Saturday, 10 November 2012

The Book Review : The Bankster - Ravi Subramanian

An insidious sequence of events, twists and turns set beautifully to trap and engage the reader from the start to the very end. Ravi has managed to make sure that the element of surprise and anxiety never settles in the readers mind till the very last and ensured that predictability is abolished entirely. The Bankster is a true mystery in all its completeness and essence that can be set apart from the rest as a resonating example of what a mystery must and should be. 

Synopsis :

Bankers build their careers on trust, or so everyone thinks, till a series of murders threaten to destroy the reputation that the Greater Boston Global Bank (GB2) has built over the years. Who is behind these killings, and what is their motive? When Karan Panjabi, press reporter and ex-banker, digs deeper, he realizes that he has stumbled upon a global conspiracy with far reaching ramifications a secret that could not only destroy the bank but also cast a shadow on the entire nation. With only thirty-six hours at his disposal, he must fight the clock and trust no one if he is to stay alive and uncover the truth.

The story ensues from the diamond mines of Angola driven by a covert CIA agent and it passes hands to Vikram Bahl and comes Home to Mumbai where most of it is set. It later wanders off to the Europe pursuing a series of unfortunate yet seemingly unrelated events. The story set amongst the employees in the upper echelons of the Greater Boston Global Bank passes on suspicion as if in a relay race, making it almost impossible for the reader to arrive at a preconceived guess of the mystery man. Something that most mystery writes miss now a days is where Ravi Subramanian scores tons.

The story though extremely realistic has some minor flaws never the less, The story does lack a true protagonist  Karan Panjabi, the Banker turned reporter who is supposedly the hero of the tale come way after the middle of the story and almost to the end. His entrance is so feeble and uncared for that no one knows he is the protagonist till he solves the mystery. No character sketch, no intensity of feeling, no nothing of our protagonist is given anywhere. All on a sudden he drops in with a girl and takes charge of the story leaving the readers feeling lost and somewhat deprived. He could have done much good by introducing Karan in the start and channeling the story through him than from various unambiguous sources.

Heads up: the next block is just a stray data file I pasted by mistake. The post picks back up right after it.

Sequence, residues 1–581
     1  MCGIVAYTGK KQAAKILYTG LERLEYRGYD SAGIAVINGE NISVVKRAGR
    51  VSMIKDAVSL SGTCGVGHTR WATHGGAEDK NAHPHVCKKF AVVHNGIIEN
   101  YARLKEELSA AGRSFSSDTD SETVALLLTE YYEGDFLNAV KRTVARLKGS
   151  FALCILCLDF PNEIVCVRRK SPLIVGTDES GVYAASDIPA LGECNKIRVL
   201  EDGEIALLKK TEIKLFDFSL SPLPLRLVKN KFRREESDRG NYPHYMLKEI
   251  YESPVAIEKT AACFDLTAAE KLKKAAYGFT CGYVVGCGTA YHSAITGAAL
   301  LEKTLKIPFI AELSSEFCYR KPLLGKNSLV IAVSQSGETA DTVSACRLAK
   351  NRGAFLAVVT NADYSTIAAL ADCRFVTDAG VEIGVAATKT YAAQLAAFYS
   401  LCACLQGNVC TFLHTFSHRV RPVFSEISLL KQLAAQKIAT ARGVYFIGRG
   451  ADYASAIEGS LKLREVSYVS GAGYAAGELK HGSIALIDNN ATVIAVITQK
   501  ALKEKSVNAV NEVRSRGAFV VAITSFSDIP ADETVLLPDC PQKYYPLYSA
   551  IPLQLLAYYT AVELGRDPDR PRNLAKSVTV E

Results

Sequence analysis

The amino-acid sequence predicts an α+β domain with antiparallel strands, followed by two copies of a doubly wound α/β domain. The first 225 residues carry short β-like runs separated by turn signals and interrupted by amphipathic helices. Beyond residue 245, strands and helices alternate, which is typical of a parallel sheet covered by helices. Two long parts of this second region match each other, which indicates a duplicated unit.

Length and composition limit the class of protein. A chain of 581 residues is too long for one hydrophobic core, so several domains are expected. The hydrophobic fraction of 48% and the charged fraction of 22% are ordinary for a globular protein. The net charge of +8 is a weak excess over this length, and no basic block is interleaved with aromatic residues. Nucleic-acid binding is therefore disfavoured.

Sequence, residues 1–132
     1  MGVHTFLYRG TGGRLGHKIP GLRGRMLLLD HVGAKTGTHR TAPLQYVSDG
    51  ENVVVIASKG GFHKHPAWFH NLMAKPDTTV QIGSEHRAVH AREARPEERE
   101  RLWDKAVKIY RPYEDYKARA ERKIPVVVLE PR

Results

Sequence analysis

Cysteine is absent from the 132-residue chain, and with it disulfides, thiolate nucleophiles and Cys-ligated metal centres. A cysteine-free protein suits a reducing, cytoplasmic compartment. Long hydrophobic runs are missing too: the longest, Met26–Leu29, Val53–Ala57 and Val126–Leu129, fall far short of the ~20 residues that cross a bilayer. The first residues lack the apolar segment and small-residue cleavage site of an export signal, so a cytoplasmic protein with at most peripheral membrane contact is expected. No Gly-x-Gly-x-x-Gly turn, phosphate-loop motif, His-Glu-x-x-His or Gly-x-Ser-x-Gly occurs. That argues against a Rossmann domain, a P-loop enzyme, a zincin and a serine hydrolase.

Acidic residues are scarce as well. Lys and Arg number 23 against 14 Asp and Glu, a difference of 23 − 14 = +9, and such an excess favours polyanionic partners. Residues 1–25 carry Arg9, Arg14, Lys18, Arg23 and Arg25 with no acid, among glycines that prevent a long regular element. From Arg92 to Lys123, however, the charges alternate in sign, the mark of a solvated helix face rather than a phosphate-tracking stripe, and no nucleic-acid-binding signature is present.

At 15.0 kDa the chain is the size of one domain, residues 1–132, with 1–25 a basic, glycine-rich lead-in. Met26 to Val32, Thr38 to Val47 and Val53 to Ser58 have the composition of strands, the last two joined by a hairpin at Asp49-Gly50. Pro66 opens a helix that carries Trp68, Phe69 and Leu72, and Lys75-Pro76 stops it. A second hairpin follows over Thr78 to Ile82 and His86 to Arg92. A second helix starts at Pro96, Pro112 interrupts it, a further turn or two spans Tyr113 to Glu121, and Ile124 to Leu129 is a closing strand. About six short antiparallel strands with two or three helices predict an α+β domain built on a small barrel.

This particular defect extends to all of the characters and is the single most disastrous the writer made with the book. Almost all of his characters are uncharted and lacks depth. The only person whose character has been examined would be Vikram bahl that to as a consequence of certain events and not as part of a dedicated interpretation of the character by the author. 

Setting that apart the story is magnificently chartered and beautifully distributed across, Mumbai, Vienna and the Middle-East and a handful of well-placed characters. The highest point for the story is its unpredictability which is well supplemented and supported by Ravi's characters. The Bankster is a recommended read by me and is much more than just a financial thriller, the mystery and action adds flavour to the whole story.

I give The Bankster by Ravi Subramanian a rating of : 3 out of 5

This review is a part of the Book Reviews Program at . Participate now to get free books! 

Saturday, 3 November 2012

The Human Comedy

If one starts thinking about our live then we realize the utter foolishness that we live through every single day. Almost all of our routine actions are worth a hefty laugh and nothing more. Still funnier is the host of seemingly clever excuses that we come up with in the desperate attempt to cover our fallacies. When we look at this world from outside the oyster of our merry life, without pride nor prejudice, sans all preconceptions then we really can see that the world and all its worldly activities are nothing but one elaborate joke. A poignant one yet a joke nevertheless.